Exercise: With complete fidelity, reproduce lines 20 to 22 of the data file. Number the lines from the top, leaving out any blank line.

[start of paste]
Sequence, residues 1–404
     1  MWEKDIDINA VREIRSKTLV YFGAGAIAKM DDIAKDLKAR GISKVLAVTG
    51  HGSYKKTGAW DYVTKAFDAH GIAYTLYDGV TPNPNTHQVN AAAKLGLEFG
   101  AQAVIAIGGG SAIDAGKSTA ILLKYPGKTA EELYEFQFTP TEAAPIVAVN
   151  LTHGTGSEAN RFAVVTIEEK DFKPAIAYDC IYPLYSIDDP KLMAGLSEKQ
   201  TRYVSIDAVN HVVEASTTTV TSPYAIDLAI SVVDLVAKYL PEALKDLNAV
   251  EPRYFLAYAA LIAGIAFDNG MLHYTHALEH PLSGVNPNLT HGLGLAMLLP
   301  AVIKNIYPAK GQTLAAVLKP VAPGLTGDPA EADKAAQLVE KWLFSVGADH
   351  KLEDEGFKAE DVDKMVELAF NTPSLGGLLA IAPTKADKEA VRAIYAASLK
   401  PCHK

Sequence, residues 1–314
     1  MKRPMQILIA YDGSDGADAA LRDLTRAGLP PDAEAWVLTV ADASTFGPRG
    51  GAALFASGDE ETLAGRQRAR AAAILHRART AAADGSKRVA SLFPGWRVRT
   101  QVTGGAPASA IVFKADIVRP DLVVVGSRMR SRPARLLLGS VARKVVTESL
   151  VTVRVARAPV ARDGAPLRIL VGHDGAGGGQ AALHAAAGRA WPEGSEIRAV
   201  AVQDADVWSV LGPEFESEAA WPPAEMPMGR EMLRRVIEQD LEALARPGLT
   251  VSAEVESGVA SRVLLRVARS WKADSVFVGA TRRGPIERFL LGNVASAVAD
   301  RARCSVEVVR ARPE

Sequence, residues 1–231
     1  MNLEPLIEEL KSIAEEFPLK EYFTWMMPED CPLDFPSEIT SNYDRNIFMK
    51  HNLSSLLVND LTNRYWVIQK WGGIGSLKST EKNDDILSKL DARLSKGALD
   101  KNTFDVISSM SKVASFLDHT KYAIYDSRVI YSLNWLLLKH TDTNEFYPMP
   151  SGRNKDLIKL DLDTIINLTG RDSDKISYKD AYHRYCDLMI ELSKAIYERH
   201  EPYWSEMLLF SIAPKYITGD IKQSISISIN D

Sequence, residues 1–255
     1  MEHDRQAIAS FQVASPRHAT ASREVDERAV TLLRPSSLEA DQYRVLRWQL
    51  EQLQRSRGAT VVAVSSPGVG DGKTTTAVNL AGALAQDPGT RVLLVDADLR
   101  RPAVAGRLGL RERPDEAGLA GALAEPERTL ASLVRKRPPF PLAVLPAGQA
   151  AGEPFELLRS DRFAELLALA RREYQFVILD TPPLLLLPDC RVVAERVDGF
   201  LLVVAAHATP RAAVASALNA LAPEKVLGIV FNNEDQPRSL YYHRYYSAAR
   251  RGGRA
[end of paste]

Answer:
     1  MNLEPLIEEL KSIAEEFPLK EYFTWMMPED CPLDFPSEIT SNYDRNIFMK
    51  HNLSSLLVND LTNRYWVIQK WGGIGSLKST EKNDDILSKL DARLSKGALD
   101  KNTFDVISSM SKVASFLDHT KYAIYDSRVI YSLNWLLLKH TDTNEFYPMP